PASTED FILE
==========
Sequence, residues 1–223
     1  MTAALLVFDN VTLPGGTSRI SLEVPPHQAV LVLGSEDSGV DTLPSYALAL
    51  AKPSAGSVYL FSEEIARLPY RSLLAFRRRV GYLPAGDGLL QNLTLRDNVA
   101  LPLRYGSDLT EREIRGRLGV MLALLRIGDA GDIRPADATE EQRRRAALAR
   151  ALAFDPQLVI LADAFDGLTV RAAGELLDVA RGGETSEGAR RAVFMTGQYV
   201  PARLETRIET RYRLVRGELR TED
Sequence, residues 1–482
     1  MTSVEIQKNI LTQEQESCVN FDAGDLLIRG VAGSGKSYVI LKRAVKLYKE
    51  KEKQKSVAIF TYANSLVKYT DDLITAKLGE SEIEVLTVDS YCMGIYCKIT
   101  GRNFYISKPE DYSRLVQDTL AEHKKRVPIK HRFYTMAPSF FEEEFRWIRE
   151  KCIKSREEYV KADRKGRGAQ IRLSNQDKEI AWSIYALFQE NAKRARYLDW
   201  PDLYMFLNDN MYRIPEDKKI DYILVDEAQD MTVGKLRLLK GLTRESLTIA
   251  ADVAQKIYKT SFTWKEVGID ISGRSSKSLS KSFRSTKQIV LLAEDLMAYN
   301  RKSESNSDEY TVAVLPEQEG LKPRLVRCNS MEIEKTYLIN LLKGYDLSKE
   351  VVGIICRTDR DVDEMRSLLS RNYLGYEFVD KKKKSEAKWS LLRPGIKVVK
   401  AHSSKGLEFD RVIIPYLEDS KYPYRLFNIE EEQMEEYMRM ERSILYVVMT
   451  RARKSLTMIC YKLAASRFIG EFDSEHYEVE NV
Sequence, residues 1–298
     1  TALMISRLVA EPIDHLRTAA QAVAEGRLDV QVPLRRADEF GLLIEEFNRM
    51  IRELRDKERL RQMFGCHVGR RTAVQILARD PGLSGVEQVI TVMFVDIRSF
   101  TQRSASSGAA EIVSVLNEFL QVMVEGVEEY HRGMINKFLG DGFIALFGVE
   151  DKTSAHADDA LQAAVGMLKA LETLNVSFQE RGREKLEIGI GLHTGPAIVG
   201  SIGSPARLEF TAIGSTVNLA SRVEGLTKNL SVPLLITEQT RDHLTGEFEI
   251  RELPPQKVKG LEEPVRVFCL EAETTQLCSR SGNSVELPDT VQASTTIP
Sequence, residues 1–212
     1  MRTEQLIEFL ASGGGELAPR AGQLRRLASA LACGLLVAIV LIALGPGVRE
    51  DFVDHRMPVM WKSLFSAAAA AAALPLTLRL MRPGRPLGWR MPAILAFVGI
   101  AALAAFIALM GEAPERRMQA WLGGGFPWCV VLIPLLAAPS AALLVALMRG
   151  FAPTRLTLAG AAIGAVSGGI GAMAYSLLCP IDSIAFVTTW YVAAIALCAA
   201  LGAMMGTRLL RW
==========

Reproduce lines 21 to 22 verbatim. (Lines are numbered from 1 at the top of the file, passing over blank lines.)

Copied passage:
   101  TQRSASSGAA EIVSVLNEFL QVMVEGVEEY HRGMINKFLG DGFIALFGVE
   151  DKTSAHADDA LQAAVGMLKA LETLNVSFQE RGREKLEIGI GLHTGPAIVG